Bank of England holds base rate as business and Brexit uncertainty takes hold
Members of the Monetary Policy Committee (MPC) voted unanimously to hold the base rate at 0.75% in November, after last raising it from 0.5% in August.
The committee noted that GDP is expected to grow by around 1.75% per year on average and household consumption is set to grow modestly relative to historical rates, broadly in line with real incomes.
However, the MPC said that business investment was more subdued than previously anticipated as the effect of Brexit uncertainty has intensified.
Notes from the meeting held last night, stated: “The economic outlook will depend significantly on the nature of EU withdrawal, in particular the form of new trading arrangements, the smoothness of the transition to them and the responses of households, businesses and financial markets.
“At this meeting the MPC judged that the current stance of monetary policy remained appropriate. Any future increases in Bank Rate are likely to be at a gradual pace and to a limited extent.”
It added that CPI inflation is projected to remain above the target for most of the forecast period (to 2021), before reaching 2% by the end of the third year.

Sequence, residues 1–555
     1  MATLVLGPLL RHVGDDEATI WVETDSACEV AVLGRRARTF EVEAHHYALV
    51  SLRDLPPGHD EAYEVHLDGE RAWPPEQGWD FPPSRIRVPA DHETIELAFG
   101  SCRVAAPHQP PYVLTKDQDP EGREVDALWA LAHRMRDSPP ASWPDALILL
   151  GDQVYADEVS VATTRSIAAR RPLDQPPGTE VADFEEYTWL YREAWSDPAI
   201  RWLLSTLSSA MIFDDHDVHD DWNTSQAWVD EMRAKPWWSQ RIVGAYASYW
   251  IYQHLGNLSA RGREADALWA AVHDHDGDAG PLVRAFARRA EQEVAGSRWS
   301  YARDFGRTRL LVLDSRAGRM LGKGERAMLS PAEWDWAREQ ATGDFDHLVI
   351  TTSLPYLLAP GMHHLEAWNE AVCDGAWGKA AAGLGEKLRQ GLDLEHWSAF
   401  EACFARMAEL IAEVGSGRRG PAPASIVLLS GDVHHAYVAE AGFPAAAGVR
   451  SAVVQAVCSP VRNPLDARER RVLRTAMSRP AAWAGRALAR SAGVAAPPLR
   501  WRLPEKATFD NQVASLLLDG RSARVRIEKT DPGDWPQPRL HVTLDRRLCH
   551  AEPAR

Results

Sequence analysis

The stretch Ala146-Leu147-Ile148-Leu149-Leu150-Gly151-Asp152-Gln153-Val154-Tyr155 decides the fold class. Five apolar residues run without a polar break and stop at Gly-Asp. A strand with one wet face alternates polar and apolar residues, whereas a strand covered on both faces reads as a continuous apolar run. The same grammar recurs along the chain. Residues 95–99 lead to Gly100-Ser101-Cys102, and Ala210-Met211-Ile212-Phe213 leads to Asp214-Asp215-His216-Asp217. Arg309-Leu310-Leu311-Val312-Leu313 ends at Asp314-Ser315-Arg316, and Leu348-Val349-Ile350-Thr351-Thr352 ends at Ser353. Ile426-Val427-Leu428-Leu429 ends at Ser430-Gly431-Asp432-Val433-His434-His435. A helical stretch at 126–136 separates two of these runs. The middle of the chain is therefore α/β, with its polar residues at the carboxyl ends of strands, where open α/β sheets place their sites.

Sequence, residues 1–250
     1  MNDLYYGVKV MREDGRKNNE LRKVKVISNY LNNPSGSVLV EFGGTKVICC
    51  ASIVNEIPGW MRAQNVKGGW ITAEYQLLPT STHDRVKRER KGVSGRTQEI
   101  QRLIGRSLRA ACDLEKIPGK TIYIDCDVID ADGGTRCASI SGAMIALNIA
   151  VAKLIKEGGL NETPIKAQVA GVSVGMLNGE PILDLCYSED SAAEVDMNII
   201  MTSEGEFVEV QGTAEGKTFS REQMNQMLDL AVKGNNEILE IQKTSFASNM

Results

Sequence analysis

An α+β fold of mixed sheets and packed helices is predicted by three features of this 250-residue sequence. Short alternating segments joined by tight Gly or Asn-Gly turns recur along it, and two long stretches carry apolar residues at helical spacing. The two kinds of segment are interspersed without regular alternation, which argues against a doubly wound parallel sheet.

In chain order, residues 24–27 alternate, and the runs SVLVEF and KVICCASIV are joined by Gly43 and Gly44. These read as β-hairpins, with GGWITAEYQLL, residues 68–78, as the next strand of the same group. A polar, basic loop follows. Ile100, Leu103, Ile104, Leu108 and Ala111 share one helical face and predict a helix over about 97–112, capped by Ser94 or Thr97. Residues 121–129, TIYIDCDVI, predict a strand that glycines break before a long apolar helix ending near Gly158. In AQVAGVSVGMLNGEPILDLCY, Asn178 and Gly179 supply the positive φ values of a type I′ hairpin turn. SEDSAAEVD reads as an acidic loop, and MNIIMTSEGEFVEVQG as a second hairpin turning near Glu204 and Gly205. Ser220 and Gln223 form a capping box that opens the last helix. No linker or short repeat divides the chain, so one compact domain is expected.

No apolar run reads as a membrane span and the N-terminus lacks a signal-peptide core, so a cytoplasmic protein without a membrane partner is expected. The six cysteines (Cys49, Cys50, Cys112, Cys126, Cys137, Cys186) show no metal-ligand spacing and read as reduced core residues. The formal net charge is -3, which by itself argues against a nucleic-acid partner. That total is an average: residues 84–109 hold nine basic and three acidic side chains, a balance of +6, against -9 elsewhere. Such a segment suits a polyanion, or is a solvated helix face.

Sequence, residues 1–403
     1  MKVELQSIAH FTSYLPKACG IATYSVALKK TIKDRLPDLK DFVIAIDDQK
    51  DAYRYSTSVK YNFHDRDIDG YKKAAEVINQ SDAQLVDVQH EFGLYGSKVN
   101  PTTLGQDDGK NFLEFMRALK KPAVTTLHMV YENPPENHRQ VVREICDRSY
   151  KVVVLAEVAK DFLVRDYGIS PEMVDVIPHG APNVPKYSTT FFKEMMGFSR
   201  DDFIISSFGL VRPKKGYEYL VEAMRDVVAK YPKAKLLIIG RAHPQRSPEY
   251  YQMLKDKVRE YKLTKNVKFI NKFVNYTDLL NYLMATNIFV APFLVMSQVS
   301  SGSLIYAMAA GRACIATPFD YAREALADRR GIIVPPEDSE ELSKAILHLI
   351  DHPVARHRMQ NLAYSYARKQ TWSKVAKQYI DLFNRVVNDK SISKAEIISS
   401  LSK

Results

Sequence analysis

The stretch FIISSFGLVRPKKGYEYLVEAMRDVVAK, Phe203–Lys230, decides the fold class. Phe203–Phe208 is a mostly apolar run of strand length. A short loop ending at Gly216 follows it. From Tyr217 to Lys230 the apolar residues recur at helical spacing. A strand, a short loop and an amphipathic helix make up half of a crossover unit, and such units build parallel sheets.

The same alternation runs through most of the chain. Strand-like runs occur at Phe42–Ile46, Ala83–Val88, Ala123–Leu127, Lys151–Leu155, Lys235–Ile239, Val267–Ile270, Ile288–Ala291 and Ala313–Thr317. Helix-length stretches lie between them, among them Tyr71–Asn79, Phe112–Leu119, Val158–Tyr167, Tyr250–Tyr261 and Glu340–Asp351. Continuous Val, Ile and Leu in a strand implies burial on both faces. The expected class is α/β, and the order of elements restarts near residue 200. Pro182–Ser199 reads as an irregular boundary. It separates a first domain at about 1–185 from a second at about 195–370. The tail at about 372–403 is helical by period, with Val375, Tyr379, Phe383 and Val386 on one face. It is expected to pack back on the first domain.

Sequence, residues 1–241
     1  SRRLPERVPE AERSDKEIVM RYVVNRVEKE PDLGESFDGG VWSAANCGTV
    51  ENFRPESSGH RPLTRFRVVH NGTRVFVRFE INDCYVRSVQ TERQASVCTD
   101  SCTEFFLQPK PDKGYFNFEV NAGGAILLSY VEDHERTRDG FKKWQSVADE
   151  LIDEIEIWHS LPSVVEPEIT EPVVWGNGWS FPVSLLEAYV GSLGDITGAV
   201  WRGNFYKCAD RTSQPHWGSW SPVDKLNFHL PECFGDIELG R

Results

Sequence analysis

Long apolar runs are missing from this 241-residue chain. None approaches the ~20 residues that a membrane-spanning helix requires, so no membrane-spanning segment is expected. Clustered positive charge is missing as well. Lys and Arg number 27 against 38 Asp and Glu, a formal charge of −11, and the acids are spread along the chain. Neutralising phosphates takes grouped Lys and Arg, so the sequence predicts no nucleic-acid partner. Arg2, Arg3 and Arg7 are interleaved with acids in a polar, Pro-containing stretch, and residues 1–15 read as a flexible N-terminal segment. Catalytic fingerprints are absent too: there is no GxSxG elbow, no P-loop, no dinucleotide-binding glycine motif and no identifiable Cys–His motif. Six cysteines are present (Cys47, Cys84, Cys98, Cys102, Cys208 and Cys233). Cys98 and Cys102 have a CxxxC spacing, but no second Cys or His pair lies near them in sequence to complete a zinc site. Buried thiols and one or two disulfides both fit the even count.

Alistair Wilson, Zurich’s head of retail platform strategy, said with inflation falling lower than expected at the last count, and wages having risen at the fastest pace in nearly a decade, this has eased pressure to raise rates in the immediate future.
Tom Stevenson, investment director for Personal Investing at Fidelity International added: “It is not hard to see why the Bank is treading carefully.
“Raising rates prematurely risks tightening the squeeze further on a UK economy that is struggling to return to its pre-crisis rate of growth.
“The OBR’s forecasts suggest that is unlikely to change during the ongoing period of Brexit-related uncertainty.
“The housing market, which is key to the health of the British economy, is slowing. Wage growth is barely positive in real terms. Manufacturing is struggling.”
Bank of England hikes base rate to 0.75%
Members of the Monetary Policy Committee (MPC) voted unanimously to raise the base rate by 0.25%, taking it to 0.75%.
The last time the base rate was above 0.5% was in February 2009 when it stood at 1%, and in November 2017, interest rates rose from 0.25% to 0.5%, 15 months after they were dropped to an unprecedented low.
The move came as no surprise as the markets were pricing in a 91% chance of a rate hike, but it does come in the face of weak and fragile UK economic growth figures.
The MPC said that the recent data which showed a dip in output in the first quarter was temporary, as momentum recovered in the second quarter. GDP is also expected to grow by 1.75% per year on average and unemployment is low, and is projected to fall a little further.